A love of experimenting and learning is what drives Joan Best’s artistic practice.
Retirement has helped, too.
“I can go down and get some leaves from here or there, or nick down to the park,” she said.
“I find leaves from all over the place and try different things.”
Beginning her working life as a high school art teacher, Ms Best is no stranger to learning on the go.
Despite challenging her university at the time to allow women to study metalwork, Ms Best was not permitted to study it because she was too far along in her studies – her first job, ironically, required her to teach metal work.
“I was having to go to classes myself. I was about a week ahead of the kids in my class,” she said.
After tiring of teaching, Ms Best went back and studied nursing, eventually becoming a mental health nurse until retiring, and fills her now-unoccupied time experimenting with natural dyes using leaves and printing.
Having taken bits and pieces of expertise from classes, classmates and people she has met along the way, Ms Best has developed her own method of creating prints by extracting colour from leaves.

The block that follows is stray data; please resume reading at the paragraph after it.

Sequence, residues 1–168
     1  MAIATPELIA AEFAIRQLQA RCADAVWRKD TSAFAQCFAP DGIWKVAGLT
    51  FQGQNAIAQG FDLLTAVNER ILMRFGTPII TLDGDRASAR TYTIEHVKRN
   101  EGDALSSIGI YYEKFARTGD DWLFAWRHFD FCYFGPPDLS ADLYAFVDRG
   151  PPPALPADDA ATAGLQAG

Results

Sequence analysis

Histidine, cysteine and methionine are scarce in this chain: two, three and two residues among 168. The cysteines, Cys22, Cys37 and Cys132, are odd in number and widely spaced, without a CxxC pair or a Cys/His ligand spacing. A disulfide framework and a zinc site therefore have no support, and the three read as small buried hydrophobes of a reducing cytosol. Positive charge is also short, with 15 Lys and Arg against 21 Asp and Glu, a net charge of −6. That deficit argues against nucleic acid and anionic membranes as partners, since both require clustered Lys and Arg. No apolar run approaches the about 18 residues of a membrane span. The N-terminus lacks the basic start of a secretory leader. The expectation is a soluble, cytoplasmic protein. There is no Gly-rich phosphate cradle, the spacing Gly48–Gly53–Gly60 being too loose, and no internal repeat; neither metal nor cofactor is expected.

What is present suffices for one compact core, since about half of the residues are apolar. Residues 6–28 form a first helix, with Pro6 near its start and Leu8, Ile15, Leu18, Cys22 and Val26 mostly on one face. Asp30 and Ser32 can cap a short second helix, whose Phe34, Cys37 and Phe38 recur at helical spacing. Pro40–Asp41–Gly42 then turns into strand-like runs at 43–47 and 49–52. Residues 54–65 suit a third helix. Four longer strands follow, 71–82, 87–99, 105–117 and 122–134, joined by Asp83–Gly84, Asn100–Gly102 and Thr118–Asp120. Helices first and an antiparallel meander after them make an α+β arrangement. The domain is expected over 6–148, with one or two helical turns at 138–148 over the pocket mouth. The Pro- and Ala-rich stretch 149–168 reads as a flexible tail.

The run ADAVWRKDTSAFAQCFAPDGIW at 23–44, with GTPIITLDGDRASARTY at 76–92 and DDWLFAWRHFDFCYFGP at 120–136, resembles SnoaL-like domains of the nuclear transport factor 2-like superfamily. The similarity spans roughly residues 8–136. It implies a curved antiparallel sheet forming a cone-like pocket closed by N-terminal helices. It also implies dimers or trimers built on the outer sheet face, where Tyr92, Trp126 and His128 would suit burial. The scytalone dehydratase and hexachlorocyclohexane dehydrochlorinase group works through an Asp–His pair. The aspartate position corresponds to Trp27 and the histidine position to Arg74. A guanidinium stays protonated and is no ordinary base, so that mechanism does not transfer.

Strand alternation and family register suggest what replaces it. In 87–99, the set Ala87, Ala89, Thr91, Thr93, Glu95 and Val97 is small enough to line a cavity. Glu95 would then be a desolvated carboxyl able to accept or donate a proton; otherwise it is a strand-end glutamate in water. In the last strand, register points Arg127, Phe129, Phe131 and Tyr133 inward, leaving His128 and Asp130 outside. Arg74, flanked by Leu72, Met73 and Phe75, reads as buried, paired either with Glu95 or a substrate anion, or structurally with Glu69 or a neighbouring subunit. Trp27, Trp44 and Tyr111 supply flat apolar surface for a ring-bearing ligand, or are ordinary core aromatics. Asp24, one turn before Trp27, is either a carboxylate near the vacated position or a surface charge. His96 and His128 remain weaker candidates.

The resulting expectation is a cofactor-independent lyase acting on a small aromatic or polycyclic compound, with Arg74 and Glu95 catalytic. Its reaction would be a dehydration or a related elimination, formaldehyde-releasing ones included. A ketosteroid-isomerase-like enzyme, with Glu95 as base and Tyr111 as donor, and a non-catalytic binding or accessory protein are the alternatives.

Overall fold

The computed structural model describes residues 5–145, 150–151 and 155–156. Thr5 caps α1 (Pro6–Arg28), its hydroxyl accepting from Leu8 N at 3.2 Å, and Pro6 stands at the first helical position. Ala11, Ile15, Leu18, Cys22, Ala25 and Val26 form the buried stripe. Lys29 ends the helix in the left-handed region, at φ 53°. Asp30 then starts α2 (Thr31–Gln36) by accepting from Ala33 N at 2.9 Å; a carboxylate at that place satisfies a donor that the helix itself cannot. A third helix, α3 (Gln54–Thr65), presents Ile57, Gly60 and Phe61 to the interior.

Able to achieve “enormous variation and colour”, Ms Best’s process involves “mercilessly squishing” the leaves and material between wooden blocks with clamps and, after removing the clamps, “chucking it” in the crockpot or bath and letting it “do its own thing”.
“The heat and the pressure force the colour to come out of the leaves and onto the wool,” she said.
Her final pieces, which are on display at the Yarragon Station Gallery through February, are a combination of her unique printing method, machine and hand embroidery.